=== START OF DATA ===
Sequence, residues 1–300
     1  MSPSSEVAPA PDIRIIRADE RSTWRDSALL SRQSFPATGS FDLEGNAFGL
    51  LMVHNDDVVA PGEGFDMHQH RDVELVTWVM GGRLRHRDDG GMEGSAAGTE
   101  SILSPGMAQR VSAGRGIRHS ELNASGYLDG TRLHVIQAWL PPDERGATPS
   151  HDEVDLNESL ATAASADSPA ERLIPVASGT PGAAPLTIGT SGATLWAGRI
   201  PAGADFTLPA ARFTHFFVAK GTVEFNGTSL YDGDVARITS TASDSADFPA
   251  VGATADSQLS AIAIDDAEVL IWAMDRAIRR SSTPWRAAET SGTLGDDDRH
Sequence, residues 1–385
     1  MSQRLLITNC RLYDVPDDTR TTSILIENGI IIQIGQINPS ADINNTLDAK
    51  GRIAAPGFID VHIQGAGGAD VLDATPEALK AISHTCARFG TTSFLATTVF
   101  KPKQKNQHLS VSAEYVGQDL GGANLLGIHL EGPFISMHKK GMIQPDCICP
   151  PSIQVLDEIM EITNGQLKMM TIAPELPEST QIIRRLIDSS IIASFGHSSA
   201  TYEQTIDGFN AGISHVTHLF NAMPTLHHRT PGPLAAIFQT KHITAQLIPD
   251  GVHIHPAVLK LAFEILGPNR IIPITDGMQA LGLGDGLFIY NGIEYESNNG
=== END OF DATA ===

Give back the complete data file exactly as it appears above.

Sequence, residues 1–300
     1  MSPSSEVAPA PDIRIIRADE RSTWRDSALL SRQSFPATGS FDLEGNAFGL
    51  LMVHNDDVVA PGEGFDMHQH RDVELVTWVM GGRLRHRDDG GMEGSAAGTE
   101  SILSPGMAQR VSAGRGIRHS ELNASGYLDG TRLHVIQAWL PPDERGATPS
   151  HDEVDLNESL ATAASADSPA ERLIPVASGT PGAAPLTIGT SGATLWAGRI
   201  PAGADFTLPA ARFTHFFVAK GTVEFNGTSL YDGDVARITS TASDSADFPA
   251  VGATADSQLS AIAIDDAEVL IWAMDRAIRR SSTPWRAAET SGTLGDDDRH
Sequence, residues 1–385
     1  MSQRLLITNC RLYDVPDDTR TTSILIENGI IIQIGQINPS ADINNTLDAK
    51  GRIAAPGFID VHIQGAGGAD VLDATPEALK AISHTCARFG TTSFLATTVF
   101  KPKQKNQHLS VSAEYVGQDL GGANLLGIHL EGPFISMHKK GMIQPDCICP
   151  PSIQVLDEIM EITNGQLKMM TIAPELPEST QIIRRLIDSS IIASFGHSSA
   201  TYEQTIDGFN AGISHVTHLF NAMPTLHHRT PGPLAAIFQT KHITAQLIPD
   251  GVHIHPAVLK LAFEILGPNR IIPITDGMQA LGLGDGLFIY NGIEYESNNG